The first Anglican Church service in Petersham was held on 15 April 1860 in a tiny schoolroom. Despite the small population of Petersham at the time, it was resolved to build a building for church and to educate children. A small school was built which served a church, Sunday School, parish hall and Day School.
The Story of the Church of England in Petersham is told in a booklet – The First Hundred years – The Story of the Church of England in Petersham 1860 – 1960
In 1870, the parish resolved to build a bigger church. The foundation stone of All Saints’ was set on Saturday 17 December 1870, with the site being bequeathed to the Church by the late Mrs. Priddle, sister of Dr. Wardell, an early settler in Petersham.
Nearly a year elapsed before the eastern end of the building was finished. The opening service was held on All Saints’ Day, Wednesday 1 November 1871. The cost of the church was £1927.
The western end of the building was commenced in 1879 and completed in 1880. The re-opening service was held on 11 September 1880.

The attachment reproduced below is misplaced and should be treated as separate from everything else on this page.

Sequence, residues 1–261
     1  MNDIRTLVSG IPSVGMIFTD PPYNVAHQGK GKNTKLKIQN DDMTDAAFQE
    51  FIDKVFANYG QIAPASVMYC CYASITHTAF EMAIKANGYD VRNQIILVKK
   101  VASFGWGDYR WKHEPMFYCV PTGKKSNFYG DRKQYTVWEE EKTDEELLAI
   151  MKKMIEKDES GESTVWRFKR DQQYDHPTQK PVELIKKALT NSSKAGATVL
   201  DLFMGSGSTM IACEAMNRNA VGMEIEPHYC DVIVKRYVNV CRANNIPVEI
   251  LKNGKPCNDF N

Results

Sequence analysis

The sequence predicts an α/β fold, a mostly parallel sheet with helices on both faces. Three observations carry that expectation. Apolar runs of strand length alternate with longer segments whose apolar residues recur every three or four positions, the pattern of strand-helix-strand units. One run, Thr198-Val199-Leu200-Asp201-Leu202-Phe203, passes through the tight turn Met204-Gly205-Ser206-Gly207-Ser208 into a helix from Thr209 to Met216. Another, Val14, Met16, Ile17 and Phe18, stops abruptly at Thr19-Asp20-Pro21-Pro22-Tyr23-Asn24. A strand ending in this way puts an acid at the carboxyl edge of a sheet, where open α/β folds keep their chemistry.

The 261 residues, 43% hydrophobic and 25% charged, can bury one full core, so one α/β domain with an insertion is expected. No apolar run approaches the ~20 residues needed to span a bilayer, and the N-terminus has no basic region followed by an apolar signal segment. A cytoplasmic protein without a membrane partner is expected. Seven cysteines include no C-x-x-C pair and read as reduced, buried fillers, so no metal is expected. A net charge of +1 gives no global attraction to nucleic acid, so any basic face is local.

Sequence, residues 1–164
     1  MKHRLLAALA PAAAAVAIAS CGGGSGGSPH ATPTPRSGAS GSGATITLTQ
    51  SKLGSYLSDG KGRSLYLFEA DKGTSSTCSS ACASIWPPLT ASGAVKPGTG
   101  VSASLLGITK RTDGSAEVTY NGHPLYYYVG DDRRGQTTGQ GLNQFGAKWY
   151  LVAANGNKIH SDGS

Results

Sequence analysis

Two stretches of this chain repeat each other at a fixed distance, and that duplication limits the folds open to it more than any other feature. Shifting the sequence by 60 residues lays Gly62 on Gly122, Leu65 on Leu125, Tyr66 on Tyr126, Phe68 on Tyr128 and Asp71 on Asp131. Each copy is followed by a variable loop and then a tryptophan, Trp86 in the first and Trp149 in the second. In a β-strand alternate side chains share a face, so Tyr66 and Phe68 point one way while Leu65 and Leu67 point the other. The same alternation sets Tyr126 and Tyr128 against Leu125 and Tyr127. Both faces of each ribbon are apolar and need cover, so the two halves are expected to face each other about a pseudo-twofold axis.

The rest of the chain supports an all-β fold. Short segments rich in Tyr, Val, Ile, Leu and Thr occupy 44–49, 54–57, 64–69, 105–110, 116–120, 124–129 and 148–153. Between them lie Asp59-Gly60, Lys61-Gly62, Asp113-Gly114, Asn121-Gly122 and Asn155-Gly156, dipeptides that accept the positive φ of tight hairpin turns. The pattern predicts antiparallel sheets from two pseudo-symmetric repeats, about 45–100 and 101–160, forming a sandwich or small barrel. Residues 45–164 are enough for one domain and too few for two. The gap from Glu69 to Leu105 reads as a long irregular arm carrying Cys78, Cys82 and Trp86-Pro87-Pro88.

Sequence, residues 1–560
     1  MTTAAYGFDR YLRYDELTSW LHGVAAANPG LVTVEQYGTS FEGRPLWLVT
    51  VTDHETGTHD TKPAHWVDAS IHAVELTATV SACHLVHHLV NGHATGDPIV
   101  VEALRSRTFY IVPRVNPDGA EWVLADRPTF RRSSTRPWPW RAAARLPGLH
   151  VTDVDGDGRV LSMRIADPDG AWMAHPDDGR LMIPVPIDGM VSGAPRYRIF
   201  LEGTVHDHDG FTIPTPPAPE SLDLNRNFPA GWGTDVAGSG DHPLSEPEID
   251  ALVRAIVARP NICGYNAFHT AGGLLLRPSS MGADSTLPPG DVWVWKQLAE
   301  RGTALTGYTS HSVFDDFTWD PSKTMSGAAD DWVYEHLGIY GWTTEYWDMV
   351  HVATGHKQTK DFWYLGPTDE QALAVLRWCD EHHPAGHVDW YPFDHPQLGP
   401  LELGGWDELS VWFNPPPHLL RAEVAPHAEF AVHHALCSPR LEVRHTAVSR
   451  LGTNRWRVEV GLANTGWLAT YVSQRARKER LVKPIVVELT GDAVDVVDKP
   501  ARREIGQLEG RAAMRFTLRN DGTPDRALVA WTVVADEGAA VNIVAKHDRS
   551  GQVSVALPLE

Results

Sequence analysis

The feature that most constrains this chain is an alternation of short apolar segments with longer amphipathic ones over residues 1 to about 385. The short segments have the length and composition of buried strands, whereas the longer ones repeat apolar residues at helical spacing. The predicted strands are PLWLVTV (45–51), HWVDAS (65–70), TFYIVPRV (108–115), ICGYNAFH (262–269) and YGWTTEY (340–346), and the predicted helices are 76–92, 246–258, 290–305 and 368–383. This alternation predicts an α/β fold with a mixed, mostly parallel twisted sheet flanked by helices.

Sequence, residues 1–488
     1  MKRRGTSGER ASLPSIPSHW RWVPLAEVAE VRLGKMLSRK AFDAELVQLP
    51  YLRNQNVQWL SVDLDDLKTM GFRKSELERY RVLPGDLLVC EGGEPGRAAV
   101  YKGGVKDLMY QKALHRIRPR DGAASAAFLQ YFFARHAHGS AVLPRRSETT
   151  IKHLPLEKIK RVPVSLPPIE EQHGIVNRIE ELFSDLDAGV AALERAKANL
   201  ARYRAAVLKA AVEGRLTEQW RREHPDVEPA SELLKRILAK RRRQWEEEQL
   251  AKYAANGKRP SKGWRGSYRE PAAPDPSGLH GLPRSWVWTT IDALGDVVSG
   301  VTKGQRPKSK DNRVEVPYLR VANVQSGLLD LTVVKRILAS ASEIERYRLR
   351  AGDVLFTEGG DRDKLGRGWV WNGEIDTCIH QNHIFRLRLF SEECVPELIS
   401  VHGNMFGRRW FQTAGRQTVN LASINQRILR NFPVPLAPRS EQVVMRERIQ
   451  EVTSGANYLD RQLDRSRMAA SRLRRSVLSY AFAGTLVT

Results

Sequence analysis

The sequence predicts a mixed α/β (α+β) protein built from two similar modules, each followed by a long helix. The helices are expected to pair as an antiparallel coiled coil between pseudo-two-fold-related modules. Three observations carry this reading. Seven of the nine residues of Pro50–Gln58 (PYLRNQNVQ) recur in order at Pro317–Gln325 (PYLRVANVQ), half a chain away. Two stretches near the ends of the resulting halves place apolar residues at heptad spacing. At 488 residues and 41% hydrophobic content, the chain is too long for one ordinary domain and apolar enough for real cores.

The church Vestry was built in 1886 in memory of the infant son of Mr. A. E. Jaques. In the same year, a pipe organ build by A. Hunter & Sons of Clapham, England was installed at a cost of £750 pounds. The organ was converted from a water motor to an electric motor in 1911.
By 1903 the debt had been cleared and the Bishop of Newcastle, Rt. Revd Dr Stanton consecrated the Church on Saturday 15th August 1903. In 1904 Booklet – A Brief History of All Saints’ Church was written.
On 24 October 1968, the National Trust of New South Wales included the church building in the Trust’s register of Historic Buildings.
A memorial stone was laid by the Governor of New South Wales, Sir Roden Cutler on 1 November 1970 to commemorate 100 years of service to Petersham.
The Story of All Saint’s from the building of the present day church building is told in the booklet All Saint’s Church of England Petersham 1870 – 1970